BUMBESTI-JIU, Romania (Reuters) - After Pirelli turned parts of Bumbesti-Jiu’s crumbling industrial zone into a new factory last year, residents of this small town in southwestern Romania hoped the lean years were over.
After all, one investor brings another and before you know it, there is thriving industry and jobs. Or so the story went throughout Romania in recent years as foreign manufacturers poured billions of euros into the new European Union state.
But for all of Romania’s economic progress made possible by foreign cash, last year’s EU entry and four years of structural reforms, thousands of villages and small towns like Bumbesti-Jiu have yet to benefit from modernization and wealth.
Fears about job security and anger about being left behind now dominate Romania’s political campaign ahead of the November 30 parliamentary election.
Even though Romania has the EU’s fastest-growing economy and most people have yet to experience much impact from the global financial crisis, poverty and social protection are voters’ main concerns.
“Expectations have risen faster than reality in Romania,” said Sorin Ionita of the Romanian Academic Society think-tank.
Bumbesti-Jiu illustrates the pitfalls of Romania’s slow transition from communism, plagued by botched reforms and corruption that until recently have kept the country far behind its Soviet bloc peers from central Europe.
Next to new industrial hubs such as the northwestern towns of Cluj and Timisoara, some areas still cope with unreformed communist-era industries, while corruption and fraud discourage initiative and distort the impact of free-market reforms.
The town’s main employer, a state-owned ammunition factory, is shedding jobs fast as it struggles to turn a profit. Town authorities have yet to refurbish a communist-era industrial zone that could attract future investors.
“Pirelli is our only hope,” said Mihaela Dungaciu, 45, who has worked in the ammunition factory for 26 years.
On her way to start the afternoon shift, she walked along a potholed road as ducks, chickens and piglets played on the curb. A crumbling fence and guard towers separated her workplace from the gleaming Pirelli factory.
Take the road 20 km (13 miles) in the opposite direction, past a wasteland littered with rusting iron and chunks of concrete, and the county capital, Targu-Jiu, tells a different story.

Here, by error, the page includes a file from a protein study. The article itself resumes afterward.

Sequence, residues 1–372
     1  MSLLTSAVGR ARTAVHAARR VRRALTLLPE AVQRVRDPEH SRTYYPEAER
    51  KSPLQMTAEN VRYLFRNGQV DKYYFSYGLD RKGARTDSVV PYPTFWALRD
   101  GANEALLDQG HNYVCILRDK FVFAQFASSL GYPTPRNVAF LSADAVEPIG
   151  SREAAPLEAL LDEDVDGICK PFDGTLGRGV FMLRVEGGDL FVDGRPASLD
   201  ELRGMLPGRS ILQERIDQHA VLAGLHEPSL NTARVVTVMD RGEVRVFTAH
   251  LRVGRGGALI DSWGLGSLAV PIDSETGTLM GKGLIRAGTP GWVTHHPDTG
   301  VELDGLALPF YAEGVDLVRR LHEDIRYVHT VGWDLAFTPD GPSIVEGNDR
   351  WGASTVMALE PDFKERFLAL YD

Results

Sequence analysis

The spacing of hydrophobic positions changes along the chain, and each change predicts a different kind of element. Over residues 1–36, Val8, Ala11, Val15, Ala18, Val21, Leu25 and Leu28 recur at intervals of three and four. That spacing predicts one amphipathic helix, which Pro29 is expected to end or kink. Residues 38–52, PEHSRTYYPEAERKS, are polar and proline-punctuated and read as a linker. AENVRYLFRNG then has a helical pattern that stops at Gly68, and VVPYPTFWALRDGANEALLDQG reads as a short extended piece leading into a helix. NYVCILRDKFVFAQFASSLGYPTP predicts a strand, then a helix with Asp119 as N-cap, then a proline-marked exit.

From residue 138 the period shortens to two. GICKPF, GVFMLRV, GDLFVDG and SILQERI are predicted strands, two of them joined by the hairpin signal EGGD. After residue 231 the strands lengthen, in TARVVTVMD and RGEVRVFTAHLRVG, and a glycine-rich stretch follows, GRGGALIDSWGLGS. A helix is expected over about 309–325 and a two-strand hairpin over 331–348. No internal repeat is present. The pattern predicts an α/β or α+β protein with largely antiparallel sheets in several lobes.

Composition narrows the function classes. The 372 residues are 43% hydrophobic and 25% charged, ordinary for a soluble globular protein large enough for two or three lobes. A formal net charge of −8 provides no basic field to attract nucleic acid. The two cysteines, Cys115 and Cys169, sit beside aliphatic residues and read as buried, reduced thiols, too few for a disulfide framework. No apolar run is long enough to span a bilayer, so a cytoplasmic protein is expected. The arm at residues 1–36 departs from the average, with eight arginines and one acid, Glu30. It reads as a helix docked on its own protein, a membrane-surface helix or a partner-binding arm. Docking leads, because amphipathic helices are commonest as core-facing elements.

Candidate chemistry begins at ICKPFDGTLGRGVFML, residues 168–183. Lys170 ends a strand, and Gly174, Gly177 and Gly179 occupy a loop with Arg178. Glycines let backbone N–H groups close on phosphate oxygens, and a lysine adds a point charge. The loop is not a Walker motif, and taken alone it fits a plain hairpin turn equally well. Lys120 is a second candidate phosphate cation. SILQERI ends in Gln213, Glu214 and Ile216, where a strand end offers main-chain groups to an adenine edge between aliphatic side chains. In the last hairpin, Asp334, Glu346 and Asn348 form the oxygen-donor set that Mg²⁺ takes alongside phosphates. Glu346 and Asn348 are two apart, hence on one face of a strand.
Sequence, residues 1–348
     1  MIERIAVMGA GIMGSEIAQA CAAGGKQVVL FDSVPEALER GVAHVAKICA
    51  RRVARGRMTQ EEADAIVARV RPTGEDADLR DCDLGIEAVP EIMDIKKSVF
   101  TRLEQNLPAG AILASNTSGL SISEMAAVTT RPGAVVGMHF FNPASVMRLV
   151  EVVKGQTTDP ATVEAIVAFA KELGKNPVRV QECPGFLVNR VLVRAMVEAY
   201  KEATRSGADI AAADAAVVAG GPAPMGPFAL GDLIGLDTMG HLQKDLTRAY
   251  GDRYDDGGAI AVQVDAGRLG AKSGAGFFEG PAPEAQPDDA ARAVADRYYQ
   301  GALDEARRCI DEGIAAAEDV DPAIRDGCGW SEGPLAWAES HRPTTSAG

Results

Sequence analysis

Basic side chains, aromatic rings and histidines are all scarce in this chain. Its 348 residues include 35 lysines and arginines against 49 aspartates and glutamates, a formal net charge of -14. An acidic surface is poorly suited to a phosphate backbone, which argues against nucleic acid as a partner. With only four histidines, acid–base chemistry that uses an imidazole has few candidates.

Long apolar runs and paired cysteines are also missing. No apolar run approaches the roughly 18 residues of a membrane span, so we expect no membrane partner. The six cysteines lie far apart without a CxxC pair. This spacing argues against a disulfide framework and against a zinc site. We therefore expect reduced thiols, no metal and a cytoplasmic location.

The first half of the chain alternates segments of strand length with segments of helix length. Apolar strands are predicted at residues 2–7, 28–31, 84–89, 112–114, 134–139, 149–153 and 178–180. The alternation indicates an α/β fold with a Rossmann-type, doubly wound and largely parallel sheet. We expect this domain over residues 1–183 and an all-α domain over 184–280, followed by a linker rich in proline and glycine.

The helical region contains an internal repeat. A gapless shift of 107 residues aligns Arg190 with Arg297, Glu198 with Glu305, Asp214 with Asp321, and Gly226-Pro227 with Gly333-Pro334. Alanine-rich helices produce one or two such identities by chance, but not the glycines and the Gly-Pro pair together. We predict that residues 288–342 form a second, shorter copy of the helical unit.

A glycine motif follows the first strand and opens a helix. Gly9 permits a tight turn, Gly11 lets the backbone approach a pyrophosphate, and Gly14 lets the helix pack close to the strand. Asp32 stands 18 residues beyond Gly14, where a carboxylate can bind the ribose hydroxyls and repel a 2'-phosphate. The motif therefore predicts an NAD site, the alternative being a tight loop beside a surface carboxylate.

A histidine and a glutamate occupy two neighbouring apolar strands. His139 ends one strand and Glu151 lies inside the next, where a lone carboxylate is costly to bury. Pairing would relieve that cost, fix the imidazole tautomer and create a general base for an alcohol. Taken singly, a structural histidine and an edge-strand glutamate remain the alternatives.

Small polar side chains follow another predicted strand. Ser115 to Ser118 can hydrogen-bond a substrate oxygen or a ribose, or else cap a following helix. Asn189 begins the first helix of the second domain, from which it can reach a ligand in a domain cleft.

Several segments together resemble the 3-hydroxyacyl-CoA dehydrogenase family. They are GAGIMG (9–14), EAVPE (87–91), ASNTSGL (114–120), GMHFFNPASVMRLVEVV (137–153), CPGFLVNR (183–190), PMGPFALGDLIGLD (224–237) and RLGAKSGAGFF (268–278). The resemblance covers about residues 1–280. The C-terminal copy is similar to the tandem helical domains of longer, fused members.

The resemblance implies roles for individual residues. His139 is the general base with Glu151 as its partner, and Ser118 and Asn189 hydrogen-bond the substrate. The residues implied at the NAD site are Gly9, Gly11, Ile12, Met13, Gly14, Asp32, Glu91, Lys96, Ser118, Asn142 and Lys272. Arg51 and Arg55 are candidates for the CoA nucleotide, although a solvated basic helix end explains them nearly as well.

Nestled in the shadows of the Carpathian mountains, Targu-Jiu shows signs of the economic growth that, at least on paper, is lifting Romania out of poverty.
Unemployment is still above the national average of 4 percent, but its first hypermarket, German discounter Kaufland, opened last year and a shopping mall is planned for 2010.
Hundreds of large retailers have sprung up across Romania in the last years, attesting to the rising purchasing power of the country’s 22 million inhabitants and a budding middle class.
Since a coalition of centrist reformists led by Prime Minister Calin Tariceanu took power four years ago, the size of Romania’s economy has doubled and gross domestic product per capita rose to 5,650 euros from 2,400 in 2003.
“The last four years were very significant for Romania, because for the first time in a long time there was hope,” said sociologist Bogdan Teodorescu.
But with average monthly pay still at 340 euros, a fraction of EU levels, and hundreds of thousands of pensioners living on less than a 100 euros a month, poverty is rampant, particularly in rural areas where most homes still lack indoor toilets.
Bridging that gap has become the mantra of the election.
“If I have a single regret, it’s that I didn’t succeed in raising pensions even more,” Tariceanu said on his campaign website (www.tariceanu.ro).
His Liberal Party (PNL) has shifted toward the left over the last year, replacing strong pro-business talk with promises of budget giveaways, higher wages and subsidies, despite warning from economists who say Romania’s key policy challenge is to restrict government spending because of its dependence on foreign cash.
Tariceanu may be paying the price of failing to convince millions of the poorest Romanians of the benefits of reform. The PNL is third in opinion polls.
The ex-communist Social Democrat Party (PSD) has seen its ratings rise as voter anger grows over wealth disparities.
“We have a gut feeling that people are looking for comfort and competence in our party,” PSD leader Mircea Geoana said.
Their message resonates particularly strongly in the cold winter months, when elderly Romanians can still be found huddling in alleyways of large cities like Bucharest, begging for cash often used to pay costly heating bills.
The centrist group linked to popular President Traian Basescu, the Democrat-Liberal Party (PD-L), is also losing support. One opinion poll this week showed the PD-L ceding its frontrunner status to the PSD.
Even though its platform is full of spending plans, it is relatively restrained. Tariceanu toned down spending rhetoric as it became clear such talk was making investors jittery.
“The problem is that with economic growth, we saw two Romanias built, a young one and an old one,” said Teodorescu.
The debate over social security has taken the focus away from justice reforms and corruption, the issue that galvanized voters four years ago and handed power to the centrists.
There is little evidence that corruption, particularly among top officials, is being addressed. The EU has repeatedly criticized Bucharest’s failure to address fraud.
Few senior officials accused of graft have been to court and civil rights groups say dozens of candidates running for re-election have in the past voted for measures aimed at protecting corrupt practices in parliament.
Additional reporting by Ioana Patran; Editing by Janet Lawrence